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Cowen Instagram counterfactuals

I would make two more general points.  First, you could very easily argue that eyeglasses make (many not all) teenage girls feel worse about their body image.  Lots of things will.  Automobiles.  Parties.  Clothes shops.  Such costs are not zero, but they have to be put in perspective.

Second, the lives of teenage girls are messy and complex. Anything that plays a noticeable role in said lives also will have effects that are messy and complex. Deal with it. The same used to be true of the (old-fashioned) telephone as well, not to mention birth control pills and automobiles.


Breathwork in a nutshell

Best 30 seconds of free advice for breath work.

  1. Hands on your ribs.
  2. Fill the bucket from the bottom to the top.

General link to the podcast version of the show. Value of the podcast for me was sifting through the episode topics for a few nuggets on topics I was interested in:

Episode 42 SH//FT Perspective

In this episode, we get into the place of research, information, and data vs the ability to feel.  Unfettered access […] The post Episode 42 appeared first on SH//FT.
  1. Episode 42
  2. Episode 41
  3. Episode 40
  4. Episode 39
  5. Episode 38


Bryan Caplan On Open Borders

Worth calling this out as a post because I’ve been a fan of Bryan Caplan for some time and am sympathetic to his open borders arguments. But this interview in particular with Andrew Sullivan was such a great teardown of immigration skepticism:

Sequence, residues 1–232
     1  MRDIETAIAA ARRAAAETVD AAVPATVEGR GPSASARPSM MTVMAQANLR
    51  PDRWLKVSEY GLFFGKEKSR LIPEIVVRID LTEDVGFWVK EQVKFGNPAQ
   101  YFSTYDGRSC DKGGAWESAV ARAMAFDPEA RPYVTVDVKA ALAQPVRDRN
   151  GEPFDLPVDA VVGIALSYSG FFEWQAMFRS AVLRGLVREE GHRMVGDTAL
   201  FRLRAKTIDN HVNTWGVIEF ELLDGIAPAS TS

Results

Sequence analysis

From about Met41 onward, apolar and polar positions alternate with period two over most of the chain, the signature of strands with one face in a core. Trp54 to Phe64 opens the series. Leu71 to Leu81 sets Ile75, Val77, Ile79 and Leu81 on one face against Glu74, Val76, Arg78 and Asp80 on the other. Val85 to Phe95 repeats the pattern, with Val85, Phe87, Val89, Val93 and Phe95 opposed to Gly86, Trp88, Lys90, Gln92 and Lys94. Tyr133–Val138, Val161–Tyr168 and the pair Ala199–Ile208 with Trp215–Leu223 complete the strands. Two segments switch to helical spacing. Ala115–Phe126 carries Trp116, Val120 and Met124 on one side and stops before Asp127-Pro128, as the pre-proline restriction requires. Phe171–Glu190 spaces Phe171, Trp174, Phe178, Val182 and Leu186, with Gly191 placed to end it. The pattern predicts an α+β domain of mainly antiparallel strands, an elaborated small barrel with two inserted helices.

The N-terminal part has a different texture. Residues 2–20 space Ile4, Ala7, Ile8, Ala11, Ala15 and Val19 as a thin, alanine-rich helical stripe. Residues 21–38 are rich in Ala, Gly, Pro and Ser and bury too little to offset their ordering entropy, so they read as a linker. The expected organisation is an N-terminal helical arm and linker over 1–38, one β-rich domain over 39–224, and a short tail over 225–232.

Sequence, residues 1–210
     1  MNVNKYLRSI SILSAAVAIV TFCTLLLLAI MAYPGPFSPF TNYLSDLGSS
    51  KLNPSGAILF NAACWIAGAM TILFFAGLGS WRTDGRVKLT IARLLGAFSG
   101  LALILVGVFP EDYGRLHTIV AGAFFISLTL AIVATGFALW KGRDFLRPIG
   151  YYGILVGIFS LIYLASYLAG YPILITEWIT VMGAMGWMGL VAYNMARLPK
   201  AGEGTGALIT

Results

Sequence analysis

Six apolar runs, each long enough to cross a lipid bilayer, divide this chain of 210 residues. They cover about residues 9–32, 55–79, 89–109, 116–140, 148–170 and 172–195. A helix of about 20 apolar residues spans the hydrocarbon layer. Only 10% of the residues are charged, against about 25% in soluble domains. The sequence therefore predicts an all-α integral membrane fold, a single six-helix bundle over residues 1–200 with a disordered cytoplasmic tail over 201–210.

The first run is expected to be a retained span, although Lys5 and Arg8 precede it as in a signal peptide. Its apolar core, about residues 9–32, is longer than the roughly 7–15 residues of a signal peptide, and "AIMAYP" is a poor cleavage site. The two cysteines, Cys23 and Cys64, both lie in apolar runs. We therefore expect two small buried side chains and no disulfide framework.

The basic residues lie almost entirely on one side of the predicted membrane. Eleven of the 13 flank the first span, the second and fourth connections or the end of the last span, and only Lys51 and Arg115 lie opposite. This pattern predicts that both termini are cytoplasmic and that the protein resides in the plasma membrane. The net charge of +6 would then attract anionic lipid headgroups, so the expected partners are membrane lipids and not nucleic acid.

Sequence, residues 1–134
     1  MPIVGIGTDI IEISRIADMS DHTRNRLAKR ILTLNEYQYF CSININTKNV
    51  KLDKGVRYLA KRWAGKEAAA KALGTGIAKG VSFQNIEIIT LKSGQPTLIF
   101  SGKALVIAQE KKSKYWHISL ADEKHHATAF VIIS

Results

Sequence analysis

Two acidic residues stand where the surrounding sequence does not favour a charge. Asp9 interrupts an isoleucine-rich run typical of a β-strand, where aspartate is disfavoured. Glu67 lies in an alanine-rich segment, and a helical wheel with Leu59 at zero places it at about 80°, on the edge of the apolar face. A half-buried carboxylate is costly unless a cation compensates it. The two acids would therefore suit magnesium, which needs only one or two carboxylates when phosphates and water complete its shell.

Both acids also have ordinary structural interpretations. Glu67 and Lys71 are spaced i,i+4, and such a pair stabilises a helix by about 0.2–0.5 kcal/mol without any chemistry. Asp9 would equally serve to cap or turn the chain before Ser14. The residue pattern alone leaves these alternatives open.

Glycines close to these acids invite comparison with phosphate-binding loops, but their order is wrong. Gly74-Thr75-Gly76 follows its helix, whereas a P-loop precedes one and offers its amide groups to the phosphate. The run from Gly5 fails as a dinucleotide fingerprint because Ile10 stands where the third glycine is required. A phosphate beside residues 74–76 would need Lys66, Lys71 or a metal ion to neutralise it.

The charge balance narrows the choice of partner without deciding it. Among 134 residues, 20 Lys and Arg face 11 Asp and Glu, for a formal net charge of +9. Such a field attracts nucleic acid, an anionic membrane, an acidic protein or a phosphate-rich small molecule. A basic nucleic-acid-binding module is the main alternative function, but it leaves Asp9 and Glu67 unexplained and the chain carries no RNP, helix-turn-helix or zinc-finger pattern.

Bad look for Sullivan. Seemed like he didn’t read the (“comic”) book!

Not saying I’m unambiguously in agreement with Caplan. But in combination with regulatory reform (ie. expansion of protected conservation areas, better zoning, green urban planning, etc.) in host countries I think he’s on the right track for policies that are both morally just and pro economic growth.



Chris Masterjohn brings it on coronavirus

These three mini-episodes released by Chris Masterjohn last week are really great snapshots of the how to make reasonable assumptions about indoor and outdoor coronavirus safety. Everyone should read less headlines and listen to these. Who knows if they’ll age well but I feel better educated after listening. Including a better handle on how masks fit in.

Takeaway: at the moment, if we’re spending 10+ minutes indoors somewhere, that’s where the bulk of the spreading risk occurs. Technically to be safe for that amount of time you would need something like 70-100 sq ft of space per person.



Appreciated Robert Plomin discussion re: disorders

Fully recommend giving this episode of the Making Sense podcast, #211 – The Nature of Human Nature. It’s a great dialogue about the state and future of “molecular genetics” science. But in particular at about 1:10:25 an exchange of a few minutes touches on some points that seem to go underappreciated in #mentalhealth awarness. Blomin makes a comment “… there are no disorders. There are just quantitative dimensions… if there is no disorder there is nothing to cure… we’re alleviating symptoms rather than curing a disorder.” He raises a continuum vs. disease model being more applicable to mental ‘disorders’ (Blomin reluctantly uses this word and adds “the extremes of these dimensions” than is common practice and that “it’s really held back the field”.

I’ve always intuitively felt like this must be true, and struggled to have good conversations with people sensitive to more of a disease model, on mental health issues. The implications of this for treatment research and innovation are huge when the goals are incremental vs. binary. It shouldn’t be taboo to say you feel depressed or any laying claim to any number of conditions that have been owned by disorder labels. Caveat always being sympathy for people’s lives touched in very sad ways by the extreme ends of those dimensions is obviously super important.



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